Create an external plugin interface to enable loading additional tempest-like tests from out of tree to enable projects to maintain their own testing out of tree.
As part of the recent governance change to rework OpenStack under a big tent the QA program needs to be able to handle an influx of “OpenStack” projects. As part of this pivot most QA projects are shifting from directly supporting every project in-tree to moving towards providing projects to self service. A missing piece of this was the tempest external plugin model, all the other QA projects contain support for extending functionality with out of tree plugins but tempest was putting the burden on the user for constructing this. Moving forward having a unified supported model for enabling this is necessary.
The first step for the plugin interface is to handle the loading of the additional tests in the plugin. The additional paths of the external tests will need to be passed into the unittest discovery mechanism. To do this registering an entry point that tempest will be able to load as part of it’s run command will be used. This will enable any installed python package which contains a tempest entry point to be seamlessly discovered and used as part of a wider “Tempest” test suite.
You would register the entrypoint when using pbr by adding an entry to your setup.cfg like:
[entry_points] tempest.test_plugins = plugin_name = plugin_dir.config:load_plugin
This will register a new plugin to tempest to use the additional testing. Stevedore will probably be leveraged on the tempest side in the new cli run command to load the plugins when run to add the additional pieces. The hook referred to in the setup.cfg will return the test path to use for unittest discovery. The stevedore manager in tempest will then use this returned path to construct a set of test paths to use for discovery including tempest in-tree tests and all installed plugins, this will give the appearance when running tempest of a unified test suite.
As for the plugins themselves they will contain a few key pieces, mainly the tests, additional configuration.
An example of the base directory structure for a plugin to start with would look something like:
plugin_dir/ config.py tests/ api/ scenario/ services/
However, this is just suggested bare minimum, it is not going to cover every potential plugins use case so have additional files or directories in plugins will be expected.
It is also worth noting that we should strive to make these plugins be able to fully self execute on their own with a traditional test runner without any need to use tempest. The use of the plugin is only to enable easier integration with the wider test suite for other projects. A cookiecutter repo (either as part of the existing devstack-plugin-cookiecutter or a separate repo) will be leveraged to enable a fast path template for projects to use when initially setting up a new tempest plugin.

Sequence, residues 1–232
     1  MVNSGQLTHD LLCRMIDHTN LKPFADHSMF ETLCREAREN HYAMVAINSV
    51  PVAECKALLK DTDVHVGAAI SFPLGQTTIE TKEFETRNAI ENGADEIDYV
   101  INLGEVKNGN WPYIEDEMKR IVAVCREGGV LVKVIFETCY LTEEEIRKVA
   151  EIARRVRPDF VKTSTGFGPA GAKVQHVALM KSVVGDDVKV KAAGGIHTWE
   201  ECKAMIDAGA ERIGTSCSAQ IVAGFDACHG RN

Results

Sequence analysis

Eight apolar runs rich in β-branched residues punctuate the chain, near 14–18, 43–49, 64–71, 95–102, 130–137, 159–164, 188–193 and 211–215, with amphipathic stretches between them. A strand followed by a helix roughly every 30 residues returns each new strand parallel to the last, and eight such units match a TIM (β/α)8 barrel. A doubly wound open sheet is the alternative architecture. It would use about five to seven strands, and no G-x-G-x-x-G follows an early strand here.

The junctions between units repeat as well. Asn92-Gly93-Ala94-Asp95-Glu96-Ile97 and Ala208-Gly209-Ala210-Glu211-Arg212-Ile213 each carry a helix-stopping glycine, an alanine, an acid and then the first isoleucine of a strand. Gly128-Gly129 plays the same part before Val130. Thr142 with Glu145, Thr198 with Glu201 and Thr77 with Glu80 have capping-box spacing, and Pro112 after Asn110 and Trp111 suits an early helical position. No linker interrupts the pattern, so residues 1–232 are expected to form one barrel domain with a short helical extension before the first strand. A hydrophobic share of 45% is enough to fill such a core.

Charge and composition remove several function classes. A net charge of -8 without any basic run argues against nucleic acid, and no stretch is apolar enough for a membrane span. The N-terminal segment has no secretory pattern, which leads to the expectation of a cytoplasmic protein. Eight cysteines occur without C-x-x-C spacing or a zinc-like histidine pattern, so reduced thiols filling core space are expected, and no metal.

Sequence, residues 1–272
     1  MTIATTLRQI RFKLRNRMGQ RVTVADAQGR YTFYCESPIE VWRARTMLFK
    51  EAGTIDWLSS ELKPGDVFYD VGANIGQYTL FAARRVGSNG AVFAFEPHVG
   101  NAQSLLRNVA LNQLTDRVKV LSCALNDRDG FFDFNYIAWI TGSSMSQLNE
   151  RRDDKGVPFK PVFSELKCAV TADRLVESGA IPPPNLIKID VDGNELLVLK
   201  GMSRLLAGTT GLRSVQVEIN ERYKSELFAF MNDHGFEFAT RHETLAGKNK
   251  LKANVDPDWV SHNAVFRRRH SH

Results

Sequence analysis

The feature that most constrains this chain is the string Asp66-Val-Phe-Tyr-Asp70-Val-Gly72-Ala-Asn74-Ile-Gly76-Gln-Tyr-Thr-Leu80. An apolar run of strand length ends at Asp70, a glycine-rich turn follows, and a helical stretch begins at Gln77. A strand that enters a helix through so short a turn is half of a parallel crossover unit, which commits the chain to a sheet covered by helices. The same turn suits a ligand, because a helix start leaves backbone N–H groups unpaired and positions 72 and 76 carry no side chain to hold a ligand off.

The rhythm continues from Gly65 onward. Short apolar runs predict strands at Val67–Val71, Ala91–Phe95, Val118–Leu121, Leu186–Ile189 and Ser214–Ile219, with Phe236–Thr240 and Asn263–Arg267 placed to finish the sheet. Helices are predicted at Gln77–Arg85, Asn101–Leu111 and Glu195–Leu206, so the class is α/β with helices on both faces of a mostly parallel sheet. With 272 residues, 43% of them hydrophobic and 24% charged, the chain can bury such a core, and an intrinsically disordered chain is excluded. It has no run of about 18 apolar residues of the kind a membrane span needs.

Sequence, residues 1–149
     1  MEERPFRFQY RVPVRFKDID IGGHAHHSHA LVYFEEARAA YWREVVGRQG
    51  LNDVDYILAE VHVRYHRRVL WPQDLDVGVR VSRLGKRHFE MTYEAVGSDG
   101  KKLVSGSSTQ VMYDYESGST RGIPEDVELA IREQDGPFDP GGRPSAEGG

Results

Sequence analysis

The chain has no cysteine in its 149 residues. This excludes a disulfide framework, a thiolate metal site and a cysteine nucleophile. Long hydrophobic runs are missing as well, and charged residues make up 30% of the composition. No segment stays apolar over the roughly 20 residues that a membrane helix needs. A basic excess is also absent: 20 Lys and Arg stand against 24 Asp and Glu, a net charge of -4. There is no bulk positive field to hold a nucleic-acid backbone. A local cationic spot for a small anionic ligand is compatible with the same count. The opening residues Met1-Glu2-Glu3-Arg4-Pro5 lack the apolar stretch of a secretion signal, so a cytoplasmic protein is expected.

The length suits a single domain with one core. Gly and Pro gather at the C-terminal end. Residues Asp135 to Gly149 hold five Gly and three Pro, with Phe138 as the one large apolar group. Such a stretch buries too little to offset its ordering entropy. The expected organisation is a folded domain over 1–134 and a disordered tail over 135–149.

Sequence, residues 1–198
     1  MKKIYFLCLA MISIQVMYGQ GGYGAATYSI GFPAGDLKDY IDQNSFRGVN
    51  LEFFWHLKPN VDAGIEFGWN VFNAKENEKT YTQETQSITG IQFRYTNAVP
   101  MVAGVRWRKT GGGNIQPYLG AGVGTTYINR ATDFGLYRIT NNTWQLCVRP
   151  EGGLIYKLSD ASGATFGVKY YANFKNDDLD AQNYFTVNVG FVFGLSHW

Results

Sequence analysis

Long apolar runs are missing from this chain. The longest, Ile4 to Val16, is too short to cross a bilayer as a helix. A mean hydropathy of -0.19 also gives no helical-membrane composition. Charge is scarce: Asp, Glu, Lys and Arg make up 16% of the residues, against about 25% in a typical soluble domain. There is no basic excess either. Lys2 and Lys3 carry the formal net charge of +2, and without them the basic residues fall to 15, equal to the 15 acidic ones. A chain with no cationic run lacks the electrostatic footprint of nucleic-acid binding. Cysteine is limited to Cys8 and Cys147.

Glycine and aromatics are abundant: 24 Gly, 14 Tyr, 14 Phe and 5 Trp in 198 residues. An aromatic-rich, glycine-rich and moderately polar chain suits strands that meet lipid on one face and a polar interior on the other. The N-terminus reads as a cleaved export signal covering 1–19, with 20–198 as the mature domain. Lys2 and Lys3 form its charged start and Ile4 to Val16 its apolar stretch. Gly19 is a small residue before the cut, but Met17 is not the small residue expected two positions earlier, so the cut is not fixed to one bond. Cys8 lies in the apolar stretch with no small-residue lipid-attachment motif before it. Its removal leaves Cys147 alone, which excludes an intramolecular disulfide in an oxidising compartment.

There are several things from tempest-lib which are missing which are really needed to leverage out-of-tree plugins, mainly the base test class fixtures and the credential providers. These are not requirements for starting work on the plugins as the plugins can temporarily depend on tempest code for that however, in the medium term we should migrate these to tempest-lib to lock down the interface for using them.
Another thing which we’ll be changing is our contract around the tempest config file. Traditionally we have said not to rely on config options from directly from tempest but this will change with plugins since code out of tree will have to rely on existing options as a base set to build off of. This means in the future we’ll have to provide better guarantees on the stability of tempest’s config file.
An alternative approach would be to not use loadable entrypoint and instead place the burden on the tempest end user to load the plugins. So when calling tempest run you would specify a list of plugins to load at the same time. The disadvantage of this approach is that it requires the user to know where the plugins are located on the system. While using an entrypoint only requires the additional code to be installed and then tempest will use external location automatically.
Additionally, if a plugin interface was not added there would be nothing stopping anyone from using tempest-lib and the same mechanism as what is expected in a plugin to create an isolated tempest-like test suite. (in fact several projects have already done this) This was also the previously recommended approach for out of tree tempest tests. The disadvantage with only doing this is that everything is treated in isolation so each test suite would have to be dealt with in isolation. However, with the scope of what’s allowed in tempest clearly defined now we expect many more of these external suites to be added in the future. Being able to deal with them in a single manner and using a single workflow to deal with all of them at once is much more desirable, and a far lower burden on the end user.